Sergeant Willie A. Jones: A life and legacy worth celebrating
By Sylvester “Nunnie” Robinson
Life beyond the shield intuitively captures the essence of Sergeant Willie A. Jones, who recently celebrated a long and distinguished career in law enforcement on Nov. 15, 2014 at the Marriott in Deerfield Beach, Fla. Born in Miami, Fla. his parents, Eleman and Essie Jones, understood the value of and stressed education at an early age, imploring him to excel academically.
He attended Gladeview Elementary, Madison Junior High and graduated from Miami Central High School in 1973. While at Central he excelled academically and athletically both as an honor roll student and as an outstanding linebacker for the Rockets football team. Choosing a career in law enforcement, he began as a corrections officer with Metro Dade County, gaining invaluable experience in booking, releasing, classifying and transporting individuals remanded into the custody and control of the agency. That experience and perspective ignited a desire to higher education, inspiring his enrollment in St. Thomas University. His passion for higher education subsequently led to BS and MS degrees in Public Administration from the University of Phoenix.
In 1980 after graduating from the police academy, he joined the FLPD as a road patrol officer, which became his passion and calling, because it allowed him positive interaction with the people and communities he so passionately swore to serve. In this capacity as a positive role model, especially for children and young Black males who so often through personal experience see law enforcement negatively, he dramatically changed that dynamic, accepting without pause the late Sheriff Ron Cochran’s offer for him to expand his expertise in community policing by becoming the first African American to join the newly formed Mount Unit, one of several first in his distinguished career.
Steadfast in his conviction that police departments and their leadership too often failed to address minority concerns, he along with other Black officers formed A.I.M – Alliance of Involved Minorities – to improve relations with minority communities and the police.
Sergeant Jones became the organization’s first president and though the name has changed (Fort Lauderdale Black Police Officer Association) the goals remain the same. Sgt. Jones left law enforcement in1987, resigning from the FLPD, accepting a position with the Oasis Institute/Federal Housing Department.
Not only did he travel all the country speaking to community groups and leaders, law enforcement and police departments regarding strategies for creating workable partnerships while endeavoring to change slum and blighted communities, he also assisted with developing techniques for national and international implementation of Oasis concepts.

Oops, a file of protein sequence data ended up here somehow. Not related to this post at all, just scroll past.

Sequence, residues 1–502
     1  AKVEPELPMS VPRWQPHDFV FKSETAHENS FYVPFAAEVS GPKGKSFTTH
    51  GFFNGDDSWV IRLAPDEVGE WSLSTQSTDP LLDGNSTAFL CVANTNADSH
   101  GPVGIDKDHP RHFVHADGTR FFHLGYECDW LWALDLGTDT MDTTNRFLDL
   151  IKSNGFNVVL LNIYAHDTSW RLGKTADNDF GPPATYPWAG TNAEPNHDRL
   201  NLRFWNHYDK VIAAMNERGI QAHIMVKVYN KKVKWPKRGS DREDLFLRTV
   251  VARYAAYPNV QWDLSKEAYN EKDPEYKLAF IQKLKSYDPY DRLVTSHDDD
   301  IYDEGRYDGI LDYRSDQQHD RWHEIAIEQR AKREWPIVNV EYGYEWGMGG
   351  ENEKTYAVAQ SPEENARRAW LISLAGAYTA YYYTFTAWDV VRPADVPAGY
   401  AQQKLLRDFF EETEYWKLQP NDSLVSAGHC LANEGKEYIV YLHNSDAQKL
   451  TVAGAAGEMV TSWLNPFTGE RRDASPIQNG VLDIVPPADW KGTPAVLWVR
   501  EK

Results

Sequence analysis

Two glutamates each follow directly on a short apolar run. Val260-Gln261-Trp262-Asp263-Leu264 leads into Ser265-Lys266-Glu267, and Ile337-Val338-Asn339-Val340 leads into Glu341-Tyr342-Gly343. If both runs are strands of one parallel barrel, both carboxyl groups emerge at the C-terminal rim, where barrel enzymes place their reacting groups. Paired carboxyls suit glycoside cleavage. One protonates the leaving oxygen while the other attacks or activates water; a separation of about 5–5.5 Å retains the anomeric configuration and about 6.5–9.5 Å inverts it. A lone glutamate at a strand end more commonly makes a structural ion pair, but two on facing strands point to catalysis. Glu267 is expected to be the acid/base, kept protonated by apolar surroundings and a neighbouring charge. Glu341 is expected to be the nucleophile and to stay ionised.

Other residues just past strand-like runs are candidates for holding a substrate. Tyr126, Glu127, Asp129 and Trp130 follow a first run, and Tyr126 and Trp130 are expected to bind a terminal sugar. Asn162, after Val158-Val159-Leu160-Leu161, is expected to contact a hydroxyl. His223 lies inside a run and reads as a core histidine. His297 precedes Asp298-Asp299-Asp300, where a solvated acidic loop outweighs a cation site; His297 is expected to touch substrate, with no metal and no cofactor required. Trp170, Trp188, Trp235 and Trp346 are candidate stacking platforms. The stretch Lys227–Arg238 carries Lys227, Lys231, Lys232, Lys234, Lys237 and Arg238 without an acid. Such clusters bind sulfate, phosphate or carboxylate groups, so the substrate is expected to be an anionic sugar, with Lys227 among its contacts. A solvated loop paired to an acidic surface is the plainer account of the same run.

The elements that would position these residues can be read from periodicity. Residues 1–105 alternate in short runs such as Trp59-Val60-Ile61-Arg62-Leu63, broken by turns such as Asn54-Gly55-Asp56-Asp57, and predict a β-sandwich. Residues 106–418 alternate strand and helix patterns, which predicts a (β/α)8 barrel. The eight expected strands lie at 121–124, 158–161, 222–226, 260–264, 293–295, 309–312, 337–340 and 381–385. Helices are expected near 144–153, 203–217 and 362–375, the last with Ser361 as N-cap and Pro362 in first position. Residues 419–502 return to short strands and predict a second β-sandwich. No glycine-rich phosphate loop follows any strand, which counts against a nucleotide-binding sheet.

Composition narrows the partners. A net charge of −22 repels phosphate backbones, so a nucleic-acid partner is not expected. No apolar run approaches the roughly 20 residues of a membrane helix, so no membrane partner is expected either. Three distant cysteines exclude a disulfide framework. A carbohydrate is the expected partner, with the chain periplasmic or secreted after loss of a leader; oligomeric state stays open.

After resigning this position in 1989, he joined The National Urban League as a Project Manager. Duties included managing day to day operations dealing with substance abuse prevention, developing and implementing projects which raised awareness of teenage pregnancy prevention, and authoring or co-authoring pro-grams dealing with bringing boys into manhood. While employed with the Urban League, he also became a certified birth instructor.
In1995, he returned to his passion and roots, accepting a position with the Broward Sheriff’s Office in unincorporated District 9, as a patrol officer in District 2, Dania Beach, and as a school resource officer at Collins Elementary. Promoted to the rank of Sergeant, he was transferred to District 5 where he supervised the drug S.E.T Unit with a directive to reduce citizen complaints against deputies in the unit, a mission he accomplished with great aplomb.
Sergeant Jones, always an effective fundraiser, successfully chaired the Special Olympics Charity, doubling the amount raised the previous year in Dania.
His transfer to District 11, Pompano Beach, allowed him to cement his legacy as a visionary in community/police relations, spending the last 13 years of his career of service in the following assignments: organizing town hall meetings with community leaders to address concerns, supervising special events from a law enforcement perspective, over-seeing tangible assets of the district as the Administrative Sergeant, managing the emergency operation center’s equipment and supplies, Echo Field Force Supervisor, Records Manager and Housing and Nuisance Abatement coordinator.
Willie states with great pride, “I have enjoyed the 39 plus years of service to all of the communities I’ve been privileged to serve, both from the law enforcement and civilian sides. It’s been a great ride and I would not have given it up for any other.” His years of service, community involvement and dedication as an officer of the law was recognized by his being featured in the 2006-7 edition of Global Register’s Who’s Who in Executives and Professionals, a well-deserved honor and recognition of a tremendously successful, professional career dedicated to public service.
A devoted husband to his lovely wife of 28 years, Lareta, he is also a dedicated father and grandfather to daughters Keisha and Nikki and five grandchildren. Sgt. Jones is also a joyous, devoted member of Hopewell Missionary Baptist Church where Reverend Robert C. Stanley is senior pastor.
Additional affiliations include membership in the Eta Nu Chapter of Omega Psi Phi Fraternity, Inc., Pompano Beach, Fla.; Police Benevolent Association, Free Masonry, Pompano Beach Kiwanis and the MLK Planning Committee among others. Citations, proclamations and reflections were heartfelt and varied, coming from dignitaries such as former Pompano Beach Commissioner Woodrow Poitier, Pompano Beach Mayor Lamar Smit, Pastor Robert Stanley, Virginia Jones from the Coral Springs Police Department and Jim Schott, retired Broward Sheriff’s Deputy. We joined them in saluting an exemplary man who performed an often difficult profession in exemplary fashion.